Monday, July 25, 2011

Romance Heroes.

We all have a picture in our head of that perfect man – physically describing him wouldn't be beneficial here as you might prefer muscular blonds and I prefer tall dark haired hunks.  But we have that picture.  But what makes a male a hero?  A dictionary type definition is - a man of distinguished courage or ability, admired for his brave deeds and noble qualities.
The list of heroes is long – firefighters, police officers, paramedics, soldiers, sailors etc.  These are definitely men of courage who daily perform noble deeds. I think of them as "Noble Heroes." But my blog today is about the Romance Hero.  The male in the story who is supposed to sweep the heroine off her feet and carry her away to "happily ever after" land.
Now if your hero is a noble hero, you're half way to the happy ending.  There may be numerous pitfalls and dangers the characters have to survive, but a noble hero always overcomes all. (Although it may not happen until the sequel.)
   What if your hero is a "bad guy"?  He could be super bad – vampire or werewolf.  Or, like my hero in Circles Interlocked, bad by association.  As a teenager, Robert ran with a gang and the stigma of that follows him throughout his life.  More than once, he lived up to his image – fought a gang war, got involved in the drug trade, lied to and cheated on his girlfriend.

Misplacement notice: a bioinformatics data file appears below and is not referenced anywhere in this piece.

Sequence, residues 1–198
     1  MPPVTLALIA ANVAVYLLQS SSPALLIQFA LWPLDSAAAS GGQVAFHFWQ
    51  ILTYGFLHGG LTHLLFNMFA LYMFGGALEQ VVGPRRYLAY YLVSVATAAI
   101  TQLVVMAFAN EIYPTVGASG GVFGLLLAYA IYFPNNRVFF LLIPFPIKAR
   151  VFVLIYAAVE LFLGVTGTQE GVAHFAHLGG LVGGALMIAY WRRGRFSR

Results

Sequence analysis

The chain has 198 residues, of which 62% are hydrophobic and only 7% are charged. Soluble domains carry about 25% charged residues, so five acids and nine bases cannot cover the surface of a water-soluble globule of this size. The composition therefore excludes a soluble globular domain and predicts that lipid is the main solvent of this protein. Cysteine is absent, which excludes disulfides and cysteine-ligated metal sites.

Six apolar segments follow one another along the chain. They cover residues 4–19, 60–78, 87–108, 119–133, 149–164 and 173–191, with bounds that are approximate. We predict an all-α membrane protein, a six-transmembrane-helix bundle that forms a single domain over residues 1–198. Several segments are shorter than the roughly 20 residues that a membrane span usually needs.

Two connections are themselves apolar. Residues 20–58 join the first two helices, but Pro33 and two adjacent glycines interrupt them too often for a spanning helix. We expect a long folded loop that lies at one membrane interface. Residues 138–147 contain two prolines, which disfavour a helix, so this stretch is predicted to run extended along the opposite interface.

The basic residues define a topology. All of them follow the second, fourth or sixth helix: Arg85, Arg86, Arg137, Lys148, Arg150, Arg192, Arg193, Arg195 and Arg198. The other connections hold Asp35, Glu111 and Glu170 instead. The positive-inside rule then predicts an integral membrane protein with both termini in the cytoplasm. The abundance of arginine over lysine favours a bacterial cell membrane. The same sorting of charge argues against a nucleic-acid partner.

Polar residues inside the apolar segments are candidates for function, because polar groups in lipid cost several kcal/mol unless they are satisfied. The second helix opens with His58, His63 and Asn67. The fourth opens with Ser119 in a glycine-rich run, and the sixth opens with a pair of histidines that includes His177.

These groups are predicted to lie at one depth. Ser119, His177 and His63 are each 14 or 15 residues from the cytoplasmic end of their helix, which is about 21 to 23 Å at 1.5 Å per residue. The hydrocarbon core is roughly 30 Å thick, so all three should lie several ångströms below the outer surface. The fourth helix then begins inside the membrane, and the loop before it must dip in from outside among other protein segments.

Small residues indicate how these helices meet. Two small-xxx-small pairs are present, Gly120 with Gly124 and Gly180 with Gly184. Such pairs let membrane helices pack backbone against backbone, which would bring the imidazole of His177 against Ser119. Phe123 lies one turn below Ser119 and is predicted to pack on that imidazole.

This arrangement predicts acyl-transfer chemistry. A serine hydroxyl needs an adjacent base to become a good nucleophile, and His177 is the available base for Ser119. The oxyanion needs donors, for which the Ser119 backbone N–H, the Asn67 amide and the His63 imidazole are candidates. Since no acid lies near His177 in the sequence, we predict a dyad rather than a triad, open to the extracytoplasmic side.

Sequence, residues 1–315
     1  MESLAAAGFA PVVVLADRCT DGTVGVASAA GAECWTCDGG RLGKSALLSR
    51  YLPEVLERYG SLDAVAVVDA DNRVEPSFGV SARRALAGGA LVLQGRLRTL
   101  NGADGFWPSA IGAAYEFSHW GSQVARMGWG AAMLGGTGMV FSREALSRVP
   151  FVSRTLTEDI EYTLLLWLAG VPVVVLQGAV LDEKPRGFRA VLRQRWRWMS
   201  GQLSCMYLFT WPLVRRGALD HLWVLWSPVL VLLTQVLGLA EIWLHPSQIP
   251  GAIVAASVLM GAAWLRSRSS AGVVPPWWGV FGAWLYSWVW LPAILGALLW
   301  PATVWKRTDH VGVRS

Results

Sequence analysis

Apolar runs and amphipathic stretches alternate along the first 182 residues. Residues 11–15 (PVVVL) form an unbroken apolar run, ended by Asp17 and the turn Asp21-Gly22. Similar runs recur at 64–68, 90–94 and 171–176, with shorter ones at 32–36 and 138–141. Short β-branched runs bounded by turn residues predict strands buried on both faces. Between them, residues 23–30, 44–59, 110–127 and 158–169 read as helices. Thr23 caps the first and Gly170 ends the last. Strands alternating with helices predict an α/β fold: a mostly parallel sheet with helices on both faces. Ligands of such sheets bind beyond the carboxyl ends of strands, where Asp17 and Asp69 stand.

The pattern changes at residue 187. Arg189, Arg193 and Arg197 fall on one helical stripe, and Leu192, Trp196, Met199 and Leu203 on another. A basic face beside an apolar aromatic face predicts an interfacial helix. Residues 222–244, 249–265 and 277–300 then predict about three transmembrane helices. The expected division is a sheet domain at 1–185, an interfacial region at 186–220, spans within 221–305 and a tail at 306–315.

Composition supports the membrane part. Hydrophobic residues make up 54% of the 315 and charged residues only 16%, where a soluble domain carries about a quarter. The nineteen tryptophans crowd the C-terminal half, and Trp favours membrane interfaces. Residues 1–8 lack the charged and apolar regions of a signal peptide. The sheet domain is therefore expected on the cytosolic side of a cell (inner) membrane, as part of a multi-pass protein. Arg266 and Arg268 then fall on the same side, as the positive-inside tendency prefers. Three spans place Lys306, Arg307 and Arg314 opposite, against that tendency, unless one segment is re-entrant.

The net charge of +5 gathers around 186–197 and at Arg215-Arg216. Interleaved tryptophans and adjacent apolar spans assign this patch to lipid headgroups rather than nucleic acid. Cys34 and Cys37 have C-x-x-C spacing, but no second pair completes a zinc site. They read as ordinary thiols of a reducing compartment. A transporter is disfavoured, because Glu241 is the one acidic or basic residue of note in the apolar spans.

So why is he my romantic hero? Brave deeds and noble qualities.  In Circles Interlocked, Robert accidently wakes up next to his former girlfriend.  The one woman he loves and the same woman he lied to and cheated on.  His misdeeds and lies have created a wide and long wall between them and Robert is unaware of how to break down the separation.
Years have passed since their last face-slapped meeting and Julie has developed a prescription drug problem.  Robert steps up and helps her, even though he is clearly aware of her raging hatred of him.
When Julie is in danger, Robert charges in to save her, fully knowing he could be killed.  His sworn enemy would be satisfied with killing Robert or the woman he loves.  The romantic hero has to figure out how to keep them both alive.
What was your favourite romantic hero like?  Was he a noble hero or a bad boy?  Or was he really bad – a vampire or werewolf type character? What was it in that hero that made you want to cheer for him?  Do you know any one like him?  (Unless of course he's a vampire?)

Monday, July 18, 2011

The Romance of Vacation